Mr. Maher M. Shomali
Thomsen and Burke LLP
Two Hamill Road, Suite 415
Baltimore, MD 21210

RE: The tariff classification of DNA collection kits from Canada

Dear Mr. Shomali:

In your letter dated October 15, 2013, on behalf of 23andMe, Inc., California, you requested a tariff classification ruling.

The product is described as the Oragene Dx (OGD-500) DNA collection kit. The kit is designed to facilitate the collection of a saliva sample and provide for a stable and safe transportation of the sample. The kit includes a plastic collection tube, a plastic funnel that is screwed into the collection tube, a plastic funnel cap that contains a stabilizing liquid (ethyl alcohol), a plastic bag and an absorbent pad. After importation customers use the kits to collect saliva and then return the collection tube with the saliva specimen to a contracted laboratory. The laboratory analyzes the DNA in the specimen to arrive at a profile that indicates factors of genetic ancestry, health conditions and traits.

You are also requesting a ruling on the collection tube when imported with collected saliva for testing in the laboratory.

You suggest classification of the kit in subheading 9018.90.80, Harmonized Tariff Schedule of the United States (HTSUS), which provides for other instruments and apparatus used in medical, surgical, or veterinary sciences, and parts and accessories thereof. This office does not agree. The Harmonized Commodity Description and Coding System Explanatory Notes (ENs) constitute the official interpretation of the Harmonized System at the international level. While neither legally binding nor dispositive, the ENs provide a commentary on the scope of each heading of the HTSUS and are generally indicative of the proper interpretation of the headings. It is CBP’s practice to consult, whenever possible, the terms of the ENs when interpreting the HTSUS. See T.D. 89–80, 54 Fed. Reg. 35127, 35128 (August 23, 1989).

The ENs to heading 9018 state that the instruments and appliances of that heading are used “in professional practice (e.g., by doctors, surgeons, dentists, veterinary surgeons, midwives), either to make a diagnosis, to prevent or treat an illness, or to operate, etc.” The Oragene DNA collection kit is marketed as a personal genome service to aid individuals in gaining insights into their ancestry and inherited traits. The specimen is collected by the individual, at home, by spitting multiple times into the collection tube. The alcohol keeps the saliva in a stable condition until it reaches the laboratory. The analysis of the sample collected will be performed using equipment which would presumably not be classified in 9018, HTSUS, even if the analysis was primarily to diagnose an illness. Exclusion q to the ENs to heading 9018 excludes, “Instruments and appliances used in laboratories to test blood, tissue fluids, urine, etc., whether or not such tests serve in diagnosis…”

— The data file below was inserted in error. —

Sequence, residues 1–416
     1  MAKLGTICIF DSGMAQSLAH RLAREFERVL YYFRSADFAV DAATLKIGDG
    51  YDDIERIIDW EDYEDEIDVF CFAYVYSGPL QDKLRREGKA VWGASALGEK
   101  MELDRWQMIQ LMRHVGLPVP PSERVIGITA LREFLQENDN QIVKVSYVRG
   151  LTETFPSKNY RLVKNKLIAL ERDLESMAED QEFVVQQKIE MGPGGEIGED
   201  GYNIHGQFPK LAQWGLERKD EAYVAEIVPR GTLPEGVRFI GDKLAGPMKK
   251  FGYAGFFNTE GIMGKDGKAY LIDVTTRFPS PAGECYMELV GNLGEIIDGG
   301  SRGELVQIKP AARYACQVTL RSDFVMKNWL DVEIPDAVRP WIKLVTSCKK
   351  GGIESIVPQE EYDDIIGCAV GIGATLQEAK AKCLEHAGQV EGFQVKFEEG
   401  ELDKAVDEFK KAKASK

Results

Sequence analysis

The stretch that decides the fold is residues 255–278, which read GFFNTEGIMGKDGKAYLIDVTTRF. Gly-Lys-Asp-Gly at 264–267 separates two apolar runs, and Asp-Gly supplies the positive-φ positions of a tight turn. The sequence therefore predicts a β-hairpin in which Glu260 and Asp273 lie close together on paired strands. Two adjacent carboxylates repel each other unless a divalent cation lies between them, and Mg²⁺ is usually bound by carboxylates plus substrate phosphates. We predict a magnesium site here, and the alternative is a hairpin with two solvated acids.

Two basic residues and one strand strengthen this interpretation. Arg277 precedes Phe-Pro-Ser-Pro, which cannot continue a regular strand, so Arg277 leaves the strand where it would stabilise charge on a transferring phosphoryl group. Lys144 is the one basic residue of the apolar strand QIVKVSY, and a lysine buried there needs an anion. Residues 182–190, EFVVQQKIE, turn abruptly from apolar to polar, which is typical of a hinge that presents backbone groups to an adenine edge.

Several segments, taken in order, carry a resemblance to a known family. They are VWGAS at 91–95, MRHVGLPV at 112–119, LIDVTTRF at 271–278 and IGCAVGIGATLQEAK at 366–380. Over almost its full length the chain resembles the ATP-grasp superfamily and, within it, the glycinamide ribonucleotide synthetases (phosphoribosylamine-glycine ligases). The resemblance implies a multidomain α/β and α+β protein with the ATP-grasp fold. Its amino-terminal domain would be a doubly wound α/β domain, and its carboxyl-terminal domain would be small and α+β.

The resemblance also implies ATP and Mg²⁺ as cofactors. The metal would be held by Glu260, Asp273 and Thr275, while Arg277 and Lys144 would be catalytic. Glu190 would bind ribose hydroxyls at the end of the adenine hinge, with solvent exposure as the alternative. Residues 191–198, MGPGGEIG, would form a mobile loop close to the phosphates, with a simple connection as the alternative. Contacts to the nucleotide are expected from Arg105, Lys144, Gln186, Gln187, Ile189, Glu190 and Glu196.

The applicable subheading for the Oragene Dx (OGD-500) DNA collection kit will be 3926.90.9910, HTSUS, which provides for other articles of plastics…other…laboratory ware. The general rate of duty will be 5.3 percent ad valorem.

Duty rates are provided for your convenience and are subject to change. The text of the most recent HTSUS and the accompanying duty rates are provided on World Wide Web at

Your inquiry does not provide enough information for us to give a classification ruling on the collection tubes when imported with the collected saliva samples. Your request for a classification ruling should include specific details regarding the saliva in the condition as imported. Provide a complete component breakdown by weight of all of the ingredients. Include CAS numbers. Explain the purpose and function of each ingredient. Confirm whether the saliva will already have been mixed with the alcohol at the time of importation. Explain how the human saliva is stabilized or preserved. Explain in detail exactly how the mixing affects the saliva. Indicate whether there is a chemical reaction when the human saliva is mixed with the ethanol. Specify whether the ethyl alcohol is consumed in the course of a chemical reaction with the human saliva. Is there still natural/unaltered saliva within the resulting combination/mixture? If so, can the natural saliva itself be subsequently separated or removed from the rest of the fluid? Will this in fact be done?

When this information is available, you may wish to consider resubmission of your request. We are returning any related samples, exhibits, etc. If you decide to resubmit your request, please include all of the material that we have returned to you.

This ruling is being issued under the provisions of Part 177 of the Customs Regulations (19 C.F.R. 177).

A copy of the ruling or the control number indicated above should be provided with the entry documents filed at the time this merchandise is imported. If you have any questions regarding the ruling on the empty collection kit, contact National Import Specialist Joan Mazzola at (646) 733-3023. If you have any questions regarding the information requested for the collection kit with the saliva specimen, please contact National Import Specialist Judy Lee at 646-733-3033.


Gwenn Klein Kirschner
Acting Director
National Commodity Specialist Division